Views represent the number of times your video has been watched. This metric gauges audience interest and is vital for assessing content performance.
More views indicate broader reach and popularity. If your views are going up, you are on the right track. Use this metric to understand viewer engagement, optimize your content strategy, and tailor future uploads to capture and retain your audience’s attention.
5. Unique Viewers
The unique viewers metric measures the distinct individuals who have watched your video. Basically, it’s a good way to account for repeat views by the same person and measure the number of actual people who watched your video.
For instance, a video might have 5,000 views, but 4,200 unique viewers. This means 800 views came from the same pool of viewers watching it multiple times.
This is an important YouTube KPI that helps you understand if your audience is growing. If you aren’t seeing many unique viewers, it means you aren’t reaching people outside of your existing audience.
6. Returning Viewers
Returning viewers refers to users who come back to your channel to watch more content. This metric highlights audience loyalty and recurring interest. Monitoring returning viewers helps gauge the strength of your community and tailor content to maintain and grow a dedicated fan base on the platform.
7. Traffic Sources
Traffic sources refer to the origins of viewers who discover and watch your videos. It categorizes how users find your content, such as through YouTube search, external websites, or suggested videos. Analyzing traffic sources helps you understand audience behavior and focus on channels driving the most views.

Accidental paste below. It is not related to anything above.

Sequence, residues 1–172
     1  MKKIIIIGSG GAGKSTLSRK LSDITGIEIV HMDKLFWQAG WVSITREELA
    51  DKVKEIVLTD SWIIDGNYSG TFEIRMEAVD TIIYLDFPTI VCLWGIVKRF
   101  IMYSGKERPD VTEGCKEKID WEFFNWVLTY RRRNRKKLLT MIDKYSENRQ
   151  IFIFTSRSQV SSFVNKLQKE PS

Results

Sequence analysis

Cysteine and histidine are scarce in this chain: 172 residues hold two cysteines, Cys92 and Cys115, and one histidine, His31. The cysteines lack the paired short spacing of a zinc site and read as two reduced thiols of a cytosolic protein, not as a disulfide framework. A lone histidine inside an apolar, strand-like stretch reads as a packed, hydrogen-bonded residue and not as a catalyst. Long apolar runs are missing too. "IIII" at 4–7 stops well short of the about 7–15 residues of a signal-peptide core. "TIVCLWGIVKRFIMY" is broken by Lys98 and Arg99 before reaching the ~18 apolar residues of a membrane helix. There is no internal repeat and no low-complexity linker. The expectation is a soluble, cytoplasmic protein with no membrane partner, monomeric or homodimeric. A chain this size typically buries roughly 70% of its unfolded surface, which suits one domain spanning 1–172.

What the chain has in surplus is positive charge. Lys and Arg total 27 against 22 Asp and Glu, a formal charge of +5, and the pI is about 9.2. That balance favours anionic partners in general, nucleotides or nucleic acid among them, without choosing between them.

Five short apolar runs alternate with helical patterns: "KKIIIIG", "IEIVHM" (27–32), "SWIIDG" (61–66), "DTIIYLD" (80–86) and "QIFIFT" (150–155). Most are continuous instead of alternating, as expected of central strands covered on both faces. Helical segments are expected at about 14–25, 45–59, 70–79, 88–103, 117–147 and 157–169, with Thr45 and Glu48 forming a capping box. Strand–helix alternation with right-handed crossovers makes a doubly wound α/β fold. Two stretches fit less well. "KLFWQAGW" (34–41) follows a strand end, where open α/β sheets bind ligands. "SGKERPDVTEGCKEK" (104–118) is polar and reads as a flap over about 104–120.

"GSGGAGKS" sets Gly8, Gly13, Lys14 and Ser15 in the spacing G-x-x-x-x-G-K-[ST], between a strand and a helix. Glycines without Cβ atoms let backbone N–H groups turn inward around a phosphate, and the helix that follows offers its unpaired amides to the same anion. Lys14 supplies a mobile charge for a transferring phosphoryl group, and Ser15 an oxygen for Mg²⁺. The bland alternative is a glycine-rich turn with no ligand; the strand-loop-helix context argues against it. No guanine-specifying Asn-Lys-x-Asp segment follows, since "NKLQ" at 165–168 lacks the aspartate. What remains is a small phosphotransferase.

8. Audience Retention
Audience retention measures the percentage of viewers who continue watching your video over time. It provides insights into content engagement and helps identify points where viewers may drop off. High audience retention indicates compelling content, while dips suggest areas for improvement.
Impressions represent the number of times your video thumbnail is shown to users on the platform. It measures visibility, but doesn’t guarantee views. High impressions means you have effective distribution or good search optimization. Look at the metadata of your videos with high impressions to identify why they keep appearing in YouTube’s recommendations.
10. Impressions Click-Through Rate
This is the percentage of viewers who clicked on your video after seeing the thumbnail impressions. It gauges the effectiveness of your video’s presentation in attracting clicks.
A higher click-through rate indicates strong viewer interest. Analyzing this metric helps optimize thumbnails, titles, and your overall content promotion strategy to enhance click-through rates.
11. Average Percentage Viewed
Average percentage viewed measures the average portion of a specific video watched by viewers as a percentage. It indicates your audience’s engagement with the content. A higher percentage suggests strong viewer interest, while a lower one means it didn’t keep viewers’ attention. This metric is limited to the top 100 videos.